This is the first of the Manga Classics series I've read, and I quite enjoyed it! I haven't read the original version yet (in this case, the author of the adaption used the original 1818 edition of the book), but it's in the line up, y'all know how that TBR pile is. I can't say for sure how close this gets to the source material, but it seems like it's close based on what I've read about Frankenstein. What a story, peeps, a jerk scientist who refuses to take responsibility for his actions create This is the first of the Manga Classics series I've read, and I quite enjoyed it! I haven't read the original version yet (in this case, the author of the adaption used the original 1818 edition of the book), but it's in the line up, y'all know how that TBR pile is. I can't say for sure how close this gets to the source material, but it seems like it's close based on what I've read about Frankenstein. What a story, peeps, a jerk scientist who refuses to take responsibility for his actions creates a man by sewing together a bunch of body parts, human and animal, then gets all petulant when his creation isn't beautiful. Dude, you saw that body before you sparked it up, did you think there was going to be a Magical Monster Transformation Sequence and he'd turn pretty if you gave him some juice? So Victor runs away, leaving poor monster guy alone, not knowing what was going on. He goes out into the world, gets hated on, hides in the shed by a cottage and stalker watches some family, learns how to speak, reads books, gets smart, tries to make friends, and gets run off again. Guy goes looking for his maker, and bunches of stuff happens I'm not gonna totally spoil this), and the end is just messed up. Great story, but it's not a happy one. The art really works with the text, the artist captures the feels of the story, gives us clues to what's going on that isn't included in the text, and makes us feel the madness of Victor Frankenstein.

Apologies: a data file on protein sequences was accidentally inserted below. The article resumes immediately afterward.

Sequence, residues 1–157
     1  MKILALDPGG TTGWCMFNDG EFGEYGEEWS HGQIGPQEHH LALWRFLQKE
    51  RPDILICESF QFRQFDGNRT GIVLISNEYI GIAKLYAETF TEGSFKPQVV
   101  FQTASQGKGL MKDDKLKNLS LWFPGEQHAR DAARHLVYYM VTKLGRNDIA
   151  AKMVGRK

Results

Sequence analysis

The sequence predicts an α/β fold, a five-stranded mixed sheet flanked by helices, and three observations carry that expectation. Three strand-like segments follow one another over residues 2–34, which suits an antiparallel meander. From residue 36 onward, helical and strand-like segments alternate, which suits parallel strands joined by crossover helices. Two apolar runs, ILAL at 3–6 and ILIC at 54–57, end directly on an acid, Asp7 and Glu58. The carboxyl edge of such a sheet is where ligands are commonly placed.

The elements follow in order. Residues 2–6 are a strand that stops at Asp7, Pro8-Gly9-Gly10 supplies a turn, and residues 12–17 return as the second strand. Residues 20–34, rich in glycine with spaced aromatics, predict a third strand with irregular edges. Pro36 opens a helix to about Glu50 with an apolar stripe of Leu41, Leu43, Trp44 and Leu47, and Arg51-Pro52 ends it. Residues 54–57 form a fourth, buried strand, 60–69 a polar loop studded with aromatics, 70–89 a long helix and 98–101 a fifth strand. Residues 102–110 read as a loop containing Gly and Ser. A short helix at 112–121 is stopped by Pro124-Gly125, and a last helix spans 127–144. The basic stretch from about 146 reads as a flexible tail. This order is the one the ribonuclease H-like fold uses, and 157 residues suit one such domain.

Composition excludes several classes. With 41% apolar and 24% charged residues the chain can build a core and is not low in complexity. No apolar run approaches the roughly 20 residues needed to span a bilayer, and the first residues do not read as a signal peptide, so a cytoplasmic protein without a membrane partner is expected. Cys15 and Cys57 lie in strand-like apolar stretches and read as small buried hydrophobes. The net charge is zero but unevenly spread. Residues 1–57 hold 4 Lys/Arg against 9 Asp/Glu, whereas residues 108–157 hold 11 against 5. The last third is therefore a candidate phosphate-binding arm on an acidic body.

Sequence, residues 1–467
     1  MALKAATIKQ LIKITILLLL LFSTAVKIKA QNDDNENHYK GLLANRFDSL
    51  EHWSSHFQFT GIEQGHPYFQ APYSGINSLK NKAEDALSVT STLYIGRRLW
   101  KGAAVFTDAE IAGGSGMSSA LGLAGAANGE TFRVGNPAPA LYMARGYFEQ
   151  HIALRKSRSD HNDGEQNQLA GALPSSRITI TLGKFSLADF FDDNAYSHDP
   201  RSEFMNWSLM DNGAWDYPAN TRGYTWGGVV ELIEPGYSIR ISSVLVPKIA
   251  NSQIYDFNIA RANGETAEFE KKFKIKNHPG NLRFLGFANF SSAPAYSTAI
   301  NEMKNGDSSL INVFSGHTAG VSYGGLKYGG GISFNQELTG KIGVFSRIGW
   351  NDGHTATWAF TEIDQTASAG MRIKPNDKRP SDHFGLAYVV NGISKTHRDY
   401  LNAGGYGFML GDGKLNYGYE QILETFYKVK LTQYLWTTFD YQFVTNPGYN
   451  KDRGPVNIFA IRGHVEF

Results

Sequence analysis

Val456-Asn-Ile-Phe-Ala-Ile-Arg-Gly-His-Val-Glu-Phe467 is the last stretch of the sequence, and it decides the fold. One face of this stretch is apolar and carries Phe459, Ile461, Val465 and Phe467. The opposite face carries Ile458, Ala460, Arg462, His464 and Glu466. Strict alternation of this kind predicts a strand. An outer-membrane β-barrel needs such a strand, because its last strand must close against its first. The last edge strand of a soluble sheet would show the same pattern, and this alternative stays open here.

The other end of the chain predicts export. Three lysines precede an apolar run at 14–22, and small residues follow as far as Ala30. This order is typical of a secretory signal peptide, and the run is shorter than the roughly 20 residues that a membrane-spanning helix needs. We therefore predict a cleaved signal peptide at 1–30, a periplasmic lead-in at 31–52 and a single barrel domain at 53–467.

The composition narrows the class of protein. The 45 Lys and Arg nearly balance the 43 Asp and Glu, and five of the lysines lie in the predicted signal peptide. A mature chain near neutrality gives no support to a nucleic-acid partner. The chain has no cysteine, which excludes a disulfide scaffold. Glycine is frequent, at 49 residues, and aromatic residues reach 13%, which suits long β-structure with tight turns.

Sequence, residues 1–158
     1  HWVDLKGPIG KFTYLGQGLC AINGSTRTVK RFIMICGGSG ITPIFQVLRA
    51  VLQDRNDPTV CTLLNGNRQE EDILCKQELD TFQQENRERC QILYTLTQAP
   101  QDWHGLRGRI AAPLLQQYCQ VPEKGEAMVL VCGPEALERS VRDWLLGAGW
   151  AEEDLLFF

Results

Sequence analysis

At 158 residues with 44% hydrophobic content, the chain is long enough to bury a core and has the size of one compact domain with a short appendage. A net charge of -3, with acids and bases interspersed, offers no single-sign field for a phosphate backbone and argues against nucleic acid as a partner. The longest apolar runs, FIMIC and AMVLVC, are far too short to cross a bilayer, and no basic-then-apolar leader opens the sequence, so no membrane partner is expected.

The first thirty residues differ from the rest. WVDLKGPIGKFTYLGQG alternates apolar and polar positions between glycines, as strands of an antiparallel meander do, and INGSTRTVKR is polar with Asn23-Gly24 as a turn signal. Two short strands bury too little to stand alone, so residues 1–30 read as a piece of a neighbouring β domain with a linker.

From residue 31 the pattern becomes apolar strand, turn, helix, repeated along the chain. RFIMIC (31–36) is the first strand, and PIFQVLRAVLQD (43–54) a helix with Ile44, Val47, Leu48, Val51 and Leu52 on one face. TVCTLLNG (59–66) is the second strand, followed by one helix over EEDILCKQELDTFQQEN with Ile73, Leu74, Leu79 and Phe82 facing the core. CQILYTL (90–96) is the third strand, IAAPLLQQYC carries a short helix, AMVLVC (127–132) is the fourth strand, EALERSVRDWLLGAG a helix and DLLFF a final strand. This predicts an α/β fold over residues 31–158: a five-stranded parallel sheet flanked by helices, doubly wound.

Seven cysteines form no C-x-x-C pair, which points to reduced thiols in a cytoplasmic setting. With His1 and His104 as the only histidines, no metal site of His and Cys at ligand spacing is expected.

8. 5 out of 5

    Melissa

    Frankenstein is a well-known story that has been regularly classified as both horror and a cautionary tale, earning both of those titles thoroughly with a plot that is as intriguing as it is unsettling. Liu's illustrations accompany Chandler's adapted story and text with deft line work and panels full of emotion. The art quickly establishes changes in scenery with sweeping landscapes and just as easily depicts the quick changes in emotions for the large cast of characters. This latter skill is we Frankenstein is a well-known story that has been regularly classified as both horror and a cautionary tale, earning both of those titles thoroughly with a plot that is as intriguing as it is unsettling. Liu's illustrations accompany Chandler's adapted story and text with deft line work and panels full of emotion. The art quickly establishes changes in scenery with sweeping landscapes and just as easily depicts the quick changes in emotions for the large cast of characters. This latter skill is well matched to the story as Frankenstein's descent into madness (or drive to atone for his actions, depending on how you perceive his character) and the creature's desire for love are key themes. Just as in the original, the manga has multiple narrators and this is done by altering the shape and color of the text boxes to assist readers in remembering who is telling their story at that point.  The abridged text, which contains Shelley's original words, is thus very easy to follow.  Chandler's selection of elements and pivotal plot points is fairly well done but some scenes feel repetitive as five years of events from the original are pushed into a smaller page count. Most notably is Victor's reactions to the creature's presence; he is immobilized with grief or madness a total of four times, which begins to feel excessive in a graphic novel a little over 300 pages.